There is a line at the end where he tells another person to bring their infant son to a jazz club! 

Yes! I would want to ask him about his jazz heroes because I think that would be interesting. There are things about him that I don’t know that happened after the war. I know a little bit of the kind of like immediate post-war history, like meeting his wife and having kids and going back to New York. I want to know what it was like to acclimate back to civilian life and what that was like. I think that’s one of the most difficult challenges for soldiers coming back from war, especially in the context of really intense combat.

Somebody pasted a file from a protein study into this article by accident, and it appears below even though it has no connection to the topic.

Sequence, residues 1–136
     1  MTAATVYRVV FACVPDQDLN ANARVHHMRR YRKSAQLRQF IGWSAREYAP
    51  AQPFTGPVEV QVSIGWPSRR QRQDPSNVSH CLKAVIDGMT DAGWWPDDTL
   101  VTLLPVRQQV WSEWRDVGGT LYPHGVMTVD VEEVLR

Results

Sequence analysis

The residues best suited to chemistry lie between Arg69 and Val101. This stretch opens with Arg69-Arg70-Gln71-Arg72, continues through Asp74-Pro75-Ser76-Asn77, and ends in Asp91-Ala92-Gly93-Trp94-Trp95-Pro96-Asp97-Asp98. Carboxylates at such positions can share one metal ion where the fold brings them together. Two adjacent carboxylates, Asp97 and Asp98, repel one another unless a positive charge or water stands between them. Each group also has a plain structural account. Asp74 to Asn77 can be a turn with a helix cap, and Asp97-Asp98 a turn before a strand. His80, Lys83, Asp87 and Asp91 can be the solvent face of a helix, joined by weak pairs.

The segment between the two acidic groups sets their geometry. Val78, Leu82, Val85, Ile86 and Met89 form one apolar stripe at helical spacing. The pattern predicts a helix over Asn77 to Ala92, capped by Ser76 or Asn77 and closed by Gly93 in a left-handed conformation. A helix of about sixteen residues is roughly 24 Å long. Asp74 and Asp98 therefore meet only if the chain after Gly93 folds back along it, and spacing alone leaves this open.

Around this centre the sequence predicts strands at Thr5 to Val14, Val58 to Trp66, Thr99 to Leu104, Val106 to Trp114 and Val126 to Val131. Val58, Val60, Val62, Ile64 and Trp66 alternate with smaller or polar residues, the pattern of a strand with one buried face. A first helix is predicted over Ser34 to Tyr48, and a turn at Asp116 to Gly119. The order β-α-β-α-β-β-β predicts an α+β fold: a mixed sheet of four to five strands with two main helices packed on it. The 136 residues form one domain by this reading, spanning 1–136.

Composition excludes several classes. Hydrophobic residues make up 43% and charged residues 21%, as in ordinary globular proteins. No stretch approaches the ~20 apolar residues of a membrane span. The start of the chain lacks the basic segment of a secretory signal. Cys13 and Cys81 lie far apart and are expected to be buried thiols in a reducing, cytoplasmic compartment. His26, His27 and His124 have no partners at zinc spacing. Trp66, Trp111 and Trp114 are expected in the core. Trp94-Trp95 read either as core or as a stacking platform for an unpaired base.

bandana Saint Laurent shirt Valentino trousers Etro shoes MM6 x Salomon timepiece IWC
bandana Saint Laurent shirt Valentino trousers Etro shoes MM6 x Salomon timepiece IWC

Masters of the Air is streaming now on Apple TV.

Interview Kelsey Barnes
Photography Ben Duggan
Styling Douglas VanLaningham @ The Rex Agency
Grooming Sonia Lee for Exclusive Artists using Balmain Hair Couture
Styling Assistant Jose Santiago
Studio The Ivory Space

You don't have permission to register